Despite former grandiosity, the expansiveness and infinitesimal minute detail of the Sims that came before it now seeming like a simple twinkle in Spore’s placeable and replaceable segmented, stalked, or long-lashed eyes, Will Wright sits sideways in his office chair, effortlessly ready to field any question, knowing that there isn’t any space in his Space he hasn’t already traveled through before.
For a game which ‘sim’s life, the universe, and everything in between – every bit the culmination of decades’ worth of those now bite-sized pieces – and which is modestly innovating on a number of fronts from its player-driven generative technologies to its “massively single player” pollinated content, ask Wright what he’s most proud of and you might expect a litany of engineering achievements. But it’s not: it’s the people.
“The team,” he answers, without even thinking, “It’s a hand-picked team of people, where I was cherry-picking the best in the company. Because of that, what seemed like an impossible design at the beginning started to seem probable, and then likely, and now positive, and at every turn the team has exceeded my expectations about what they could deliver both technologically and design-wise.”
An elevator ride down from Wright’s office to the main studio illustrates that point as we find ourselves in the midst of an accidental impromptu design meeting, with art director Ocean Quigley describing the look and feel of a new UFO component using nothing but a series of wild reverberating hand gestures and accompanying mouth sounds. Wright looks on, quietly generating the scene in his mind, and in the end, just as the first-floor bell dings, gives the idea his seal of approval. As the elevator quietly empties, we wonder: is that as easy as it is to add new functionality? “With Ocean, yes,” answers Wright.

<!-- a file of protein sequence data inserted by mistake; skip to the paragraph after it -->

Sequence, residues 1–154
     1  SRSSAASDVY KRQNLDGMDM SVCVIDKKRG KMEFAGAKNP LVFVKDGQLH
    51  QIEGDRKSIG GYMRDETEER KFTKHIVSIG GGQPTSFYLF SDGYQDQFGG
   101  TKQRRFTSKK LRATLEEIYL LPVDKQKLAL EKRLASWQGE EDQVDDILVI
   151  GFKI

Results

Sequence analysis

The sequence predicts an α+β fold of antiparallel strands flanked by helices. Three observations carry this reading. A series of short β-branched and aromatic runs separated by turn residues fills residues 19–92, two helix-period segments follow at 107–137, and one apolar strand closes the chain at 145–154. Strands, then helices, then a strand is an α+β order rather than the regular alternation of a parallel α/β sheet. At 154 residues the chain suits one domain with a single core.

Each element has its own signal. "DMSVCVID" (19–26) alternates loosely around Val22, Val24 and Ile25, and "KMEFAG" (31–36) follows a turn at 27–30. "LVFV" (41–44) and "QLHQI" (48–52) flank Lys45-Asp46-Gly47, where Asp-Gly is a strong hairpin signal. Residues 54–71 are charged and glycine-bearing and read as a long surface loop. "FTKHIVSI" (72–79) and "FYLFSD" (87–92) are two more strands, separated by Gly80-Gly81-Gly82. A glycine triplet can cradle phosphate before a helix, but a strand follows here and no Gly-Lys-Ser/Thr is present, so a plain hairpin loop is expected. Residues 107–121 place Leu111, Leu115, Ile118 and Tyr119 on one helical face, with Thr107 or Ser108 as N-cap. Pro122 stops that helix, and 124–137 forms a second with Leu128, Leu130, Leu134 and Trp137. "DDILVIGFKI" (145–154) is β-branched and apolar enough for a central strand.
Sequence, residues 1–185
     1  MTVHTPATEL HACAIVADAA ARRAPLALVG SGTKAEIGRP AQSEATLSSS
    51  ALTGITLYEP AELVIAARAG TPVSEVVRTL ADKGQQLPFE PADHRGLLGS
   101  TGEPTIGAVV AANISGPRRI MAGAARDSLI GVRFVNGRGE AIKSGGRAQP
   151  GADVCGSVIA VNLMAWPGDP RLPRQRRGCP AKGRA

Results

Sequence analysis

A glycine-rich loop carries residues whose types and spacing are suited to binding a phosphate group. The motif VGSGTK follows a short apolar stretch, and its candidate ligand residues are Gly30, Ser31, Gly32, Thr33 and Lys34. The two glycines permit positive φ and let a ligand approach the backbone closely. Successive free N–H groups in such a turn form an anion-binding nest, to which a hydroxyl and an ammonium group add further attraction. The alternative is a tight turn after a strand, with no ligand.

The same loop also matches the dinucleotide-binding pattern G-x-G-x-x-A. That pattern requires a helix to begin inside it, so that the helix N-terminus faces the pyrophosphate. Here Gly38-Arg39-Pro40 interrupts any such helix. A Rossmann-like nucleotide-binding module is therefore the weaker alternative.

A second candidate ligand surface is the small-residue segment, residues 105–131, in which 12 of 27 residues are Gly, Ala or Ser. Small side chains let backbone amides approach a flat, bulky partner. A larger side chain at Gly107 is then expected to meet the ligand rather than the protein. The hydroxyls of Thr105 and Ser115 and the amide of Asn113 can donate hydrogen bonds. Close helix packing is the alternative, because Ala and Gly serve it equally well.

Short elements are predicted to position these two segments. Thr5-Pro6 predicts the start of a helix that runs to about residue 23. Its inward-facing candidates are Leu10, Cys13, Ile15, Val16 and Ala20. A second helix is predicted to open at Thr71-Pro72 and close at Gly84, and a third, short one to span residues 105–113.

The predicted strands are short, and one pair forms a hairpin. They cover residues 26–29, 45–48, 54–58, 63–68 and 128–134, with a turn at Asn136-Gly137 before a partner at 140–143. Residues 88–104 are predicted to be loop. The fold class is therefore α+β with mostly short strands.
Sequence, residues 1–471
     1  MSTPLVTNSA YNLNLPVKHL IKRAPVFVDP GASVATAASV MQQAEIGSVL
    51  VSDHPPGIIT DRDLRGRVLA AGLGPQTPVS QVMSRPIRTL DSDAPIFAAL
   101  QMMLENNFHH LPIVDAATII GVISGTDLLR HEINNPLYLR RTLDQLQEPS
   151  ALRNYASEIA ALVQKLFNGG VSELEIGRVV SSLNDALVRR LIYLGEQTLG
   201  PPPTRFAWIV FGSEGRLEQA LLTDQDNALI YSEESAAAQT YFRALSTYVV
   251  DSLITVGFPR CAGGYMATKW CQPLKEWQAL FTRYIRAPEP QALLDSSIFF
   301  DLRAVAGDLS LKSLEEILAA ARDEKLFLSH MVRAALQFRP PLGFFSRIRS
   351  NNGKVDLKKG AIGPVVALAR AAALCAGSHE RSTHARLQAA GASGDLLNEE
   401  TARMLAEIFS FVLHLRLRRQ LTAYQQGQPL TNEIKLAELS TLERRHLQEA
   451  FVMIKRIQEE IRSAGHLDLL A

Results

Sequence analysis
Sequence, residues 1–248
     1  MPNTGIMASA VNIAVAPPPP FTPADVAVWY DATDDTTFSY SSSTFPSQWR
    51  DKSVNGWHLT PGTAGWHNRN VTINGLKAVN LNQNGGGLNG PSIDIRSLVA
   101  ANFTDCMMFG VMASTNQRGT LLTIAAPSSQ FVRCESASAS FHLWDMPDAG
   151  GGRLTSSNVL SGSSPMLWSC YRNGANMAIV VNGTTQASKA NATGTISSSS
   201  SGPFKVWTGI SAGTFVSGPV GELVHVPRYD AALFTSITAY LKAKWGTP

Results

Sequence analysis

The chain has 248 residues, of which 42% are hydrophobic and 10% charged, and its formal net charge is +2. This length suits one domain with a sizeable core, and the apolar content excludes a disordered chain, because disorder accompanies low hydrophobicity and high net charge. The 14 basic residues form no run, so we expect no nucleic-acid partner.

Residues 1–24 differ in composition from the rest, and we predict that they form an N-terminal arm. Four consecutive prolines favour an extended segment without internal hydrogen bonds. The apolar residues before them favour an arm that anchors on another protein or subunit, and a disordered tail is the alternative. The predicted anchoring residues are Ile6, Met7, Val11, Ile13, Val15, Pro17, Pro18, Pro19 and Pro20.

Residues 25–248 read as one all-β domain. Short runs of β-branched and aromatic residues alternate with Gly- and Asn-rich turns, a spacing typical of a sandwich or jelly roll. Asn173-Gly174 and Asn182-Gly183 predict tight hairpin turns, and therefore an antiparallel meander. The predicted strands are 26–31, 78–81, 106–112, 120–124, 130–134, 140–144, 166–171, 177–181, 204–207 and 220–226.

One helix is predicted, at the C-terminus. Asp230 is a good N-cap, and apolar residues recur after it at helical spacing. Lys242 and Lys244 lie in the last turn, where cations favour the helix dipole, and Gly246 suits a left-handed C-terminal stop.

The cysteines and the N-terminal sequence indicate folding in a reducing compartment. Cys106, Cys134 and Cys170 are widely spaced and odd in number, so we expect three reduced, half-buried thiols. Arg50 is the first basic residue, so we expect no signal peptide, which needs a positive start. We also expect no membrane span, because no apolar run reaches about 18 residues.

Quigley’s task on Spore might at first seem a daunting one – art directing an entire galaxy a few million planets-strong, and one which he admits is only possible by relentlessly iterating and prototyping a million little pieces of problems individually, but add to that the game’s inversion of the traditional studio balance, with an art team a third of the size of earlier Sim titles being driven by an engineering team already larger than Sims 2, and his particular role becomes even
“Normally I’m art directing artists, but this is a game where I’m spending all my time art directing engineers. It’s not the artists who are making this directly, it’s the engineers that are making the systems, so you have to figure out what you need to do to make it so that a player or procedural system can make something like this” – he picks up one of the 3D printed creature figurines that litter the desk – “quickly and easily. It’s kind of freakish in that regard – usually, I’m telling the artists ‘make it bluer,’ but here you’re telling the engineers, ‘can we get some way to seam these two things together procedurally,’ or ‘we need to run an ambient occlusion pass on this so the shadows sync up.’ So, it’s an odd job.”
With so much left to the unpredictable hands of players, and the game’s machinery driving every bit of its visual content, we ask Quigley – coming off titles like SimCity 4 where designers had full control of the world down to the pixel – if he’s confident that Spore’s structures are rigid enough to handle the near infinite possible permutations, or if he worries about players deviating from the norm.
“Well, the whole sandbox ideology for games is predicated on the player diverging, so if the player doesn’t diverge we’ve wasted so much work” – he buries his face in his hands – “Oh my god, the player damn well better diverge. Otherwise we could have just given them a level game.